During the HBO 24/7 television series detailing the lead-up to the Winter Classic two seasons ago, then-Philadelphia Flyers goalie Ilya Bryzgalov expounded on the solar system, which produced a galaxy of laughs.

But in his new National Hockey League chapter here in Edmonton, nobody’s expecting the netminder to be out-of-this-world stopping pucks.

All he has to do is join Devan Dubnyk to forge a strong Edmonton Oilers tag-team.

Bryzgalov, who scored a $1-million signing bonus and will be making another $750,000 in salary, took to the Rexall Place ice his first practice with his new club Monday morning.

When he actually gets the net will be up to Dubnyk, the coaches and Bryzgalov. He will certainly not play against the Columbus Blue Jackets Tuesday night at Rexall Place because Dubnyk has stopped 90 of his last 96 shots, and coach Dallas Eakins is like most coaches: He wants to ride a hot goalie.

When asked if this was a “second chance” after being bought out in Philadelphia — $23 million spread out over 14 years, which is an very nice annuity — Bryzgalov went the contrarian route.

“What do you mean?” he said.

“The way things ended up in Philadelphia?” he was asked.

“I never lost my first chance, you know,” he said.

When asked if it was difficult to be getting paid not to play hockey, he shrugged.

“Not at all,” he said. “It was out of my control. They decided to buy me out. What can I do?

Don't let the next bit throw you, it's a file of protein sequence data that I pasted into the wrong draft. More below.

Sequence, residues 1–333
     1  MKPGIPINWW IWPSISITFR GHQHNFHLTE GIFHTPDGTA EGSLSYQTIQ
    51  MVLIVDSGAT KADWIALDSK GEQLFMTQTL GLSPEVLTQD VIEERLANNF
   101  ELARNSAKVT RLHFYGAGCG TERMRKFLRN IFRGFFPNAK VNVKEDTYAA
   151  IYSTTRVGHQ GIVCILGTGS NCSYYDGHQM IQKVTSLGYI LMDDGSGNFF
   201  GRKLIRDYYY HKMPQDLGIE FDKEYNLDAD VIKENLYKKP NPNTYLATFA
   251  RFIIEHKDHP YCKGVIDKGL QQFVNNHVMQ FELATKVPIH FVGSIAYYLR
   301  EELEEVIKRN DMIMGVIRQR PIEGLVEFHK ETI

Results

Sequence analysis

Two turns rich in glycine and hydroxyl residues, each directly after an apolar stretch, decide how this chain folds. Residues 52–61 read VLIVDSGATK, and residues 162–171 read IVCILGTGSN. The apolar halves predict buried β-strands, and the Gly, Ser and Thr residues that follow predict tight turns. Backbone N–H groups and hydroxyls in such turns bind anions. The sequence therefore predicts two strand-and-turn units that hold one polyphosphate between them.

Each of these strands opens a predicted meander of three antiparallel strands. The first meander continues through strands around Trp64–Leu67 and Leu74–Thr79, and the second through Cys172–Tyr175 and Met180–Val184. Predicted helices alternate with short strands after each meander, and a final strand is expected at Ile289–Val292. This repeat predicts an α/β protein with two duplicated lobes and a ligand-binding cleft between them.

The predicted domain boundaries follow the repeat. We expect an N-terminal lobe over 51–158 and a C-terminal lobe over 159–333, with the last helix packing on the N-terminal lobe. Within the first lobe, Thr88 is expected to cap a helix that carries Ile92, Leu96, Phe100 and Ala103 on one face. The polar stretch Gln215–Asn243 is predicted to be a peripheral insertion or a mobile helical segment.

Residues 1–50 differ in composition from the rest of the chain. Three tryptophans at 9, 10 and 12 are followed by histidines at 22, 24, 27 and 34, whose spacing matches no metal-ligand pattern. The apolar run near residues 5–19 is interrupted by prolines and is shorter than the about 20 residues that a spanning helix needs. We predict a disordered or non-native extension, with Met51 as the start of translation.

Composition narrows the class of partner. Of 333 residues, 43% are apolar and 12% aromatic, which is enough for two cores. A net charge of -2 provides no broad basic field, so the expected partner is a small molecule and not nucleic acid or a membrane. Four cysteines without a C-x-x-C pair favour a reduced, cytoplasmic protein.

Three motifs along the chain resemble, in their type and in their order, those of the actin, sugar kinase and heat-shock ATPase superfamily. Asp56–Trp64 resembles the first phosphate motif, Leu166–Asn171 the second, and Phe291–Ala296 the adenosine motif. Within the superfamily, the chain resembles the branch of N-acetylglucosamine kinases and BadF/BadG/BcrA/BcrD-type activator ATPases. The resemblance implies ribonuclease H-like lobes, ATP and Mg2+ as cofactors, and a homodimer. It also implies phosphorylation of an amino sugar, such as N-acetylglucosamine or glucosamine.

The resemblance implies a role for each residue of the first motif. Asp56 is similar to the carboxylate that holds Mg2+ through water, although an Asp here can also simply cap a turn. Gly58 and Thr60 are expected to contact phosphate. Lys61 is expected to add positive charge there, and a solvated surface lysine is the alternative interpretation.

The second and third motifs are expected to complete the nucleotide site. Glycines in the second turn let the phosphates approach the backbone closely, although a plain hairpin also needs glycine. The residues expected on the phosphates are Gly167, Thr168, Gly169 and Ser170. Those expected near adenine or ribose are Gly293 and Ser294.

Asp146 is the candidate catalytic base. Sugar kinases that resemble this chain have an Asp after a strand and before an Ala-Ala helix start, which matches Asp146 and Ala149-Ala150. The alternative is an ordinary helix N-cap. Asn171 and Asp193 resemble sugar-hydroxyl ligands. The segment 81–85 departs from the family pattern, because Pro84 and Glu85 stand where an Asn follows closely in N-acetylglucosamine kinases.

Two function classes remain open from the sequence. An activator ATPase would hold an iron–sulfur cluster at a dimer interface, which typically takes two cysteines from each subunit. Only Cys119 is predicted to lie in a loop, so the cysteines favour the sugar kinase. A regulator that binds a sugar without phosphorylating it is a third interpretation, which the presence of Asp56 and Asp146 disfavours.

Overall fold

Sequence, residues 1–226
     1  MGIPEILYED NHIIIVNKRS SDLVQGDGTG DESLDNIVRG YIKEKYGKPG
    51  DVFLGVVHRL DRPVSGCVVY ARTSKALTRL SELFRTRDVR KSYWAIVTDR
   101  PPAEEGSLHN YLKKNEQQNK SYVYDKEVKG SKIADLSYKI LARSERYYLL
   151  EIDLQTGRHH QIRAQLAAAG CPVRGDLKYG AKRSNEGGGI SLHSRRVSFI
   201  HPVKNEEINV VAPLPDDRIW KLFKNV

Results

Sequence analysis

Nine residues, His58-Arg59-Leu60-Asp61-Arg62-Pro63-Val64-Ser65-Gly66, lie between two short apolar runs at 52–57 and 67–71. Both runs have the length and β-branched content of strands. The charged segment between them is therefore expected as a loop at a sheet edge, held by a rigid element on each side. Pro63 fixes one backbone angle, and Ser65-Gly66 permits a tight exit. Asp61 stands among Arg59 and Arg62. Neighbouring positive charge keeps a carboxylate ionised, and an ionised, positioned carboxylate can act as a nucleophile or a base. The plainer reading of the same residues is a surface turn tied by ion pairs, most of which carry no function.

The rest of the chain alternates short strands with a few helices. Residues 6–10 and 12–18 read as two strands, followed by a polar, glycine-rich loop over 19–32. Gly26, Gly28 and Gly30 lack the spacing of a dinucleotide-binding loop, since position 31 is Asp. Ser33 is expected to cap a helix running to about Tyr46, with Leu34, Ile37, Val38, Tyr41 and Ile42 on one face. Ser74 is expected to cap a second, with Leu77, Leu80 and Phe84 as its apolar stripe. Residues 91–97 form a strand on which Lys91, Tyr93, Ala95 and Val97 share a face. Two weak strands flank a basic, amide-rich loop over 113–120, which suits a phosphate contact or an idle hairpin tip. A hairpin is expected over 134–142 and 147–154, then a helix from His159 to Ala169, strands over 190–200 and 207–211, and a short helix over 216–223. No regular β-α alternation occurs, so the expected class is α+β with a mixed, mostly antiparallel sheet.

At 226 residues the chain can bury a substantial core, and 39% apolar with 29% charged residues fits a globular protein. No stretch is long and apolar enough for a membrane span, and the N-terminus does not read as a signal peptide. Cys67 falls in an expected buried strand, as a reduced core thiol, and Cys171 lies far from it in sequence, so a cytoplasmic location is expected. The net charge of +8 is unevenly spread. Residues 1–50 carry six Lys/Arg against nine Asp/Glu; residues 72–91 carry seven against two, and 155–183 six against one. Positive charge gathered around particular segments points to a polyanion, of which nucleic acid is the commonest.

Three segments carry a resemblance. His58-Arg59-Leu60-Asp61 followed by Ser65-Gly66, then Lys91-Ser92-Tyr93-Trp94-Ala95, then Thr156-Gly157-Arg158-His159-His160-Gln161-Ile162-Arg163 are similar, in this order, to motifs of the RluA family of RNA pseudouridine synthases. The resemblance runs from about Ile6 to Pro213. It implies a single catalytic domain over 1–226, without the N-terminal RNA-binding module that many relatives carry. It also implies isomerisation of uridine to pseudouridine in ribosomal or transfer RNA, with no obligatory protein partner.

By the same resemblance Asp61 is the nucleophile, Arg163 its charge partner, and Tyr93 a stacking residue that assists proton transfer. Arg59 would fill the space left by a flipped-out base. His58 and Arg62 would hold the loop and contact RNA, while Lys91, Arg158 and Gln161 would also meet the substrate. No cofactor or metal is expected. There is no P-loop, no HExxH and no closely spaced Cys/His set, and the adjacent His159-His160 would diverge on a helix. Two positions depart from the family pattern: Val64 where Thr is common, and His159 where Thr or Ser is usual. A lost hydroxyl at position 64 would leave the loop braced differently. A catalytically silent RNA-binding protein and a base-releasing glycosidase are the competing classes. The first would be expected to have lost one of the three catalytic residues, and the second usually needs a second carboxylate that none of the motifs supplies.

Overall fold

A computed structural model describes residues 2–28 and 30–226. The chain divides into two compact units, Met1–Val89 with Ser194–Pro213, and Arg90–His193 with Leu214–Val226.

“It didn’t make me angry. Why?”

Bryzgalov does want to prove he’s still got the goods. He’s only 33, young for goalies. Martin Brodeur is getting shutouts at 41 with the New Jersey Devils.

“Doesn’t matter what sport it is — hockey, football, baseball — you want to prove you’re good enough,” he said. “If you don’t want to do that or you are tired, then you should retire and let the young guys play.”

Were they any dark days where he doubted himself?

“No, not at all.”

He’s always had a quirky take on life, outside of the 200-foot-by-85-foot hockey theatre.

On game days, he doesn’t want to talk about hockey. But if you have questions about, say, Toronto mayor Rob Ford, he’s probably your man. He doesn’t plan on changing who he is, although he seems more careful with his answers.

Does he feel he has to change anything off the ice?

“What do you mean. The way I go to restaurants?” he said.

“You have to be yourself. You can judge me at the end of the season ... not from people from the side who might be bringing personal feelings. You can tell me after the season, guys, what you think.”